Show simple item record

dc.contributor.authorEby, D. W.en_US
dc.contributor.authorMolnar, L. J.en_US
dc.date.accessioned2012-02-22T16:51:52Z
dc.date.availableNO_RESTRICTIONen_US
dc.date.available2012-02-22T16:51:52Z
dc.date.issued2012-02
dc.identifierAccession Number: 102821en_US
dc.identifier.otherUMTRI-2012-5en_US
dc.identifier.urihttps://hdl.handle.net/2027.42/89960
dc.description.abstractThe population of the world is growing older. As people grow older they are more likely to experience declines that can make operating a personal automobile more difficult. Once driving abilities begin to decline, older adults are often faced with decreased mobility. Due to the preference for and pervasiveness of the personal automobile for satisfying mobility needs, there is a global necessity to keep older adults driving for as long as they can safely do so. In this report we explore the question: Has the time come for an older driver vehicle? Great gains in safe mobility could be made by designing automobiles that take into account, and help overcome, some of the deficits in abilities common in older people. The report begins by providing a background and rationale for an older driver vehicle, including discussions of relevant trends, age-related declines in functional abilities, and the adverse consequences of decreased mobility. The next section discusses research and issues related to vehicle design and advanced technology with respect to older drivers. The next section explores crashworthiness issues and the unique requirements for older adults. The following section discusses the many issues related to marketing a vehicle that has been designed for older drivers. The report concludes that there is a clear global opportunity to improve the safety, mobility, and quality of life of older adults by designing vehicles and vehicle technologies that help overcome common age-related deficits. The marketing of these vehicles to older consumers, however, will be challenging and will likely require further market research. The development of vehicle design features, new automotive technologies, and crashworthiness systems in the future should be guided by both knowledge of the effects of frailty/fragility of the elderly on crash outcomes, as well as knowledge of common drivingrelated declines in psychomotor, visual, and cognitive abilities. Design strategies that allow for some degree of customization may be particularly beneficial. It is clear that training and education efforts for using new vehicle features will need to be improved.en_US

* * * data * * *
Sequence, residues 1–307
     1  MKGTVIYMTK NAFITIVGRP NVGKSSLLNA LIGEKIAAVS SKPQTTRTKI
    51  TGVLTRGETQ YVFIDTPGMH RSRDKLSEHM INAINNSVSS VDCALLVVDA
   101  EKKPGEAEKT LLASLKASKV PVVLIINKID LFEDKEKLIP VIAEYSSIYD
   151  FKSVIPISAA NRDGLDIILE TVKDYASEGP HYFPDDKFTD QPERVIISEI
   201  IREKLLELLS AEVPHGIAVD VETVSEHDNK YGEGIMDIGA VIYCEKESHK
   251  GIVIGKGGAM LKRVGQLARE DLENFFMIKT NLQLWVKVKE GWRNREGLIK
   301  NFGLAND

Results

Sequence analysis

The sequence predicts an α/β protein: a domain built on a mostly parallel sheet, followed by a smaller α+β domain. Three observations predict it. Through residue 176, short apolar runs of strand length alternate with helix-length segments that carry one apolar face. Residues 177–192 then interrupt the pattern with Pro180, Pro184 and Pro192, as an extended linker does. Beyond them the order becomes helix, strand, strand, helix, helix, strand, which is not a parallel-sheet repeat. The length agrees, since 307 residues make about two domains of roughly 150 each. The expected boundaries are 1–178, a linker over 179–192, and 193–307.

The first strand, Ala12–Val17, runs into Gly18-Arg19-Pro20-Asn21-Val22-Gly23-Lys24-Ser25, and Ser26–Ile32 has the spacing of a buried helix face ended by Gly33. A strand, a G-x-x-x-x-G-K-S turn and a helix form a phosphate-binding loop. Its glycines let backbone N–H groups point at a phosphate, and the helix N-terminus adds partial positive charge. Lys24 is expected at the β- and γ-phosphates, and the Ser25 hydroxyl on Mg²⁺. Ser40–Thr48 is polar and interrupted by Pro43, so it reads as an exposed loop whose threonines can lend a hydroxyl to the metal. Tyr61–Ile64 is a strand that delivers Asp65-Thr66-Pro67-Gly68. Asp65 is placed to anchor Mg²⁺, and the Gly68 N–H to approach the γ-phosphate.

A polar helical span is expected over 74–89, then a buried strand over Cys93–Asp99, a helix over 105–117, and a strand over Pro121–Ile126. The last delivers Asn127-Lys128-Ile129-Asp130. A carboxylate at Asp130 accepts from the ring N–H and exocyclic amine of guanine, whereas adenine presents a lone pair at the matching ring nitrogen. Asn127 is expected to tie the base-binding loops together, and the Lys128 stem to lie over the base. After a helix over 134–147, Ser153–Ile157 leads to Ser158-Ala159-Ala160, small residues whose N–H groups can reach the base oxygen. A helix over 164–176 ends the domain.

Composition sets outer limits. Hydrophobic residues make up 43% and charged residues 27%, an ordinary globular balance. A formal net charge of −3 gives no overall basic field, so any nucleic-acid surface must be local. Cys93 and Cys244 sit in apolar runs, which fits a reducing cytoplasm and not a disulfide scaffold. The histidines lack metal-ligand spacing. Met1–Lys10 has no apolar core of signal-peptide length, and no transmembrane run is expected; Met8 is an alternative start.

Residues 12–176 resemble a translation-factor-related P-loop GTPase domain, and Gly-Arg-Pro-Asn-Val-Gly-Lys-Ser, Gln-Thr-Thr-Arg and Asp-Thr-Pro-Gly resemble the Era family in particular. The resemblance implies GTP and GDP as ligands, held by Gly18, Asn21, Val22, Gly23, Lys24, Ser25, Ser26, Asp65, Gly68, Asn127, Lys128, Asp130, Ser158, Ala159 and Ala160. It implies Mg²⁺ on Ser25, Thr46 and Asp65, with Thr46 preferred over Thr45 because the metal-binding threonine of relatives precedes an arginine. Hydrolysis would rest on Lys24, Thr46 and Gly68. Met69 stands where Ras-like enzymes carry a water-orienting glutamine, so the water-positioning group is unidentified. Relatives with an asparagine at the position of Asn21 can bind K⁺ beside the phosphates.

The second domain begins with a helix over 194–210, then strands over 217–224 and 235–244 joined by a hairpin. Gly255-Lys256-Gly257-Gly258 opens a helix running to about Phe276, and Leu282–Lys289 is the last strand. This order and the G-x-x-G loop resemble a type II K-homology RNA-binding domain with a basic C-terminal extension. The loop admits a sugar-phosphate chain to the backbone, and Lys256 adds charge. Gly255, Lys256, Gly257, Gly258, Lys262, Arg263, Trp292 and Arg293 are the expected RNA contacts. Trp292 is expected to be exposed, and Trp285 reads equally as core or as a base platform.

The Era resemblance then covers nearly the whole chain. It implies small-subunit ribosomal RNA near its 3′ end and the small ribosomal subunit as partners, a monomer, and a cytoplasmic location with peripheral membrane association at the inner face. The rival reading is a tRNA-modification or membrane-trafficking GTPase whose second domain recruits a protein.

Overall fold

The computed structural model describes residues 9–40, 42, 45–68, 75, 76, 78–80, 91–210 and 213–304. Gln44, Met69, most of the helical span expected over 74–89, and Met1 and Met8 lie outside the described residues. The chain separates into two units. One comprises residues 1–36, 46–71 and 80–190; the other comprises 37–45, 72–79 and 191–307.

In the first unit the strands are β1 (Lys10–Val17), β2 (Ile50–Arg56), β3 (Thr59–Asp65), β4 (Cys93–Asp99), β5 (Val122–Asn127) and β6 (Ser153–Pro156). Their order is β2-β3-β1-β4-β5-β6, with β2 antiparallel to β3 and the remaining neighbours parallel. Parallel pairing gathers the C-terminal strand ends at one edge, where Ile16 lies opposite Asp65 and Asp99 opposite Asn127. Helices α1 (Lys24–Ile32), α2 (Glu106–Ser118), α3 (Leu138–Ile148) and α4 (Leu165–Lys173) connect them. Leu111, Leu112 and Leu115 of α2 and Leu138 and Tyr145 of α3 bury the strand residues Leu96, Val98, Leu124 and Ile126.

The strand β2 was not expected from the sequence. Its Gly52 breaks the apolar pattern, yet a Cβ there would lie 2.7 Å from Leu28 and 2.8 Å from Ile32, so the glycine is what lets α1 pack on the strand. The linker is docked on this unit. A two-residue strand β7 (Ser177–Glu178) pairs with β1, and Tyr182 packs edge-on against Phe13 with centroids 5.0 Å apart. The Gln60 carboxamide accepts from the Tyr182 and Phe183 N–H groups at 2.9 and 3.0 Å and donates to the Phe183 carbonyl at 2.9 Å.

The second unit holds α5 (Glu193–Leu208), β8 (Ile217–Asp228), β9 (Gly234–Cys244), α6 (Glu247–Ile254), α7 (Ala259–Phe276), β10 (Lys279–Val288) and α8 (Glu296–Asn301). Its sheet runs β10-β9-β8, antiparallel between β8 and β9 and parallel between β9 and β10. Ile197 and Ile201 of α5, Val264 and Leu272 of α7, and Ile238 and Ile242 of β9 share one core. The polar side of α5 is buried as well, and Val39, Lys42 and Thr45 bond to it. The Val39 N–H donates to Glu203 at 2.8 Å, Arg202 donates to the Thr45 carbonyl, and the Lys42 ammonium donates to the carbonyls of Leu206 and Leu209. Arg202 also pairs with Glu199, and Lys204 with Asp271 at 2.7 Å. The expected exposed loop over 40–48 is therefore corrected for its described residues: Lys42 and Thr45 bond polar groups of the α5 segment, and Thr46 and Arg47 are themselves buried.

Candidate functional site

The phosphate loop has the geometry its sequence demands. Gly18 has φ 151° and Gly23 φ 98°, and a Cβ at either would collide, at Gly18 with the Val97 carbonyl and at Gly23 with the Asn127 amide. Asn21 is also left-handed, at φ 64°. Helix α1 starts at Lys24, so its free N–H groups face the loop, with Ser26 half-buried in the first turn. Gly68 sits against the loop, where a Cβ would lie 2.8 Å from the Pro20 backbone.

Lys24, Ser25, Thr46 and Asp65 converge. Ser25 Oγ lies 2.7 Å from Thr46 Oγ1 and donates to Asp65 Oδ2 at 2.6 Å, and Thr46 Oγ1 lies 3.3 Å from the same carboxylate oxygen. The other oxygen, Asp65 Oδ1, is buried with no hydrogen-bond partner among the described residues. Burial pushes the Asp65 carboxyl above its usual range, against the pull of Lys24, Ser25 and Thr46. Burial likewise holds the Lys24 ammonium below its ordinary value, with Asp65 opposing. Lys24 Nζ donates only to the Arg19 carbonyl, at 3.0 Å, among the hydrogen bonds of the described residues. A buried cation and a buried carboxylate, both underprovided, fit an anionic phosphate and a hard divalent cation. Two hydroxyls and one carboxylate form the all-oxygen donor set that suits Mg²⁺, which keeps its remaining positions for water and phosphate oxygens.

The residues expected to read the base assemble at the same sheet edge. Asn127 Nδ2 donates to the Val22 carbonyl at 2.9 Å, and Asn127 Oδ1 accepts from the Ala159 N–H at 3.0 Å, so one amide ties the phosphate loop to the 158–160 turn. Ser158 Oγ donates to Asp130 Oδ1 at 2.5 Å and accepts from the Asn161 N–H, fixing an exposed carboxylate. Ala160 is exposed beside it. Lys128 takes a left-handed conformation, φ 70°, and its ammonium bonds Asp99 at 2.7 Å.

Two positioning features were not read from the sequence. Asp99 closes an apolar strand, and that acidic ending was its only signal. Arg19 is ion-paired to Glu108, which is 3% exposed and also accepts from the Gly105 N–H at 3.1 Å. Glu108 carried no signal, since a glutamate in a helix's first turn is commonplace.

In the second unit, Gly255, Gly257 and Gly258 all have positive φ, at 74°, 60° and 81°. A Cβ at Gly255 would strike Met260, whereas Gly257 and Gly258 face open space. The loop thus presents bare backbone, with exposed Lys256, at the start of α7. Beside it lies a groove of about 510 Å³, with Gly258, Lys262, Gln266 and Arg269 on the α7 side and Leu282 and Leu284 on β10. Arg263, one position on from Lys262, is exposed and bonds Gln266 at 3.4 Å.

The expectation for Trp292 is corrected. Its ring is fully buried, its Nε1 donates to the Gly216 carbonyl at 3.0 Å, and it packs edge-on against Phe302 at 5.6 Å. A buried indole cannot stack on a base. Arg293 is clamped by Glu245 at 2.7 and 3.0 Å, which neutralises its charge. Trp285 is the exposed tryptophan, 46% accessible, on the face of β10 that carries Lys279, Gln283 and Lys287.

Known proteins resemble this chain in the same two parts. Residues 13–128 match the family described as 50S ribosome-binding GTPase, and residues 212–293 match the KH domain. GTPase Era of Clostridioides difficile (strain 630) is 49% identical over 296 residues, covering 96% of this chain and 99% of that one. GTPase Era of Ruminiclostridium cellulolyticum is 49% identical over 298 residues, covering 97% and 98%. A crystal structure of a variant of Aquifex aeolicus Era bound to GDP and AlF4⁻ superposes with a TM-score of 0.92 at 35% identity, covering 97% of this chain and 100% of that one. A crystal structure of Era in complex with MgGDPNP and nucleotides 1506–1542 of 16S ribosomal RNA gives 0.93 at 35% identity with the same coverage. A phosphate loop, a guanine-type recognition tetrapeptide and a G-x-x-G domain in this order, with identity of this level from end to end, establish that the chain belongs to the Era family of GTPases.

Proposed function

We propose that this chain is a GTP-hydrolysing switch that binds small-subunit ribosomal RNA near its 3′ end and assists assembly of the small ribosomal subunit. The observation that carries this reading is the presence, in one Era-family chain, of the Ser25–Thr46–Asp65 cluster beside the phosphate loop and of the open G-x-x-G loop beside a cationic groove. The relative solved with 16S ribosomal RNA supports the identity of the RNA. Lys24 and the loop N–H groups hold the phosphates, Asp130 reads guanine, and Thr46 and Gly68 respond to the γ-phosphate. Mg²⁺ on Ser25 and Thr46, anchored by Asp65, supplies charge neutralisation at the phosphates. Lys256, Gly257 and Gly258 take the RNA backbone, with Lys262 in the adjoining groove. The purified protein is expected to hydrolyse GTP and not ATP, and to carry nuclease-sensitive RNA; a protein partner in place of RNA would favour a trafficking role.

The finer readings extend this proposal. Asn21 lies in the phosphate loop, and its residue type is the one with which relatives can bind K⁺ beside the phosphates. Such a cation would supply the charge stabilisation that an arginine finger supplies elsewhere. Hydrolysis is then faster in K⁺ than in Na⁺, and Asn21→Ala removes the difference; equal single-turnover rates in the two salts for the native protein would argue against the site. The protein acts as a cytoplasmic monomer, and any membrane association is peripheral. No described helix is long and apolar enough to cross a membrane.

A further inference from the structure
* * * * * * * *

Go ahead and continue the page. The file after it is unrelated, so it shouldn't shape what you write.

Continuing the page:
dc.description.sponsorshipThe University of Michigan Sustainable Worldwide Transportationen_US
dc.format.extent72en_US
dc.languageEnglishen_US
dc.publisherUniversity of Michigan, Ann Arbor, Transportation Research Instituteen_US
dc.subject.otherAged Driversen_US
dc.subject.otherCrashworthinessen_US
dc.subject.otherVehicle Designen_US
dc.subject.otherMarketingen_US
dc.titleHas the time come for an older driver vehicle?en_US
dc.typeTechnical Reporten_US
dc.subject.hlbsecondlevelTransportation
dc.subject.hlbtoplevelEngineering
dc.description.bitstreamurlhttp://deepblue.lib.umich.edu/bitstream/2027.42/89960/1/102821.pdf
dc.owningcollnameTransportation Research Institute (UMTRI)


Files in this item

Show simple item record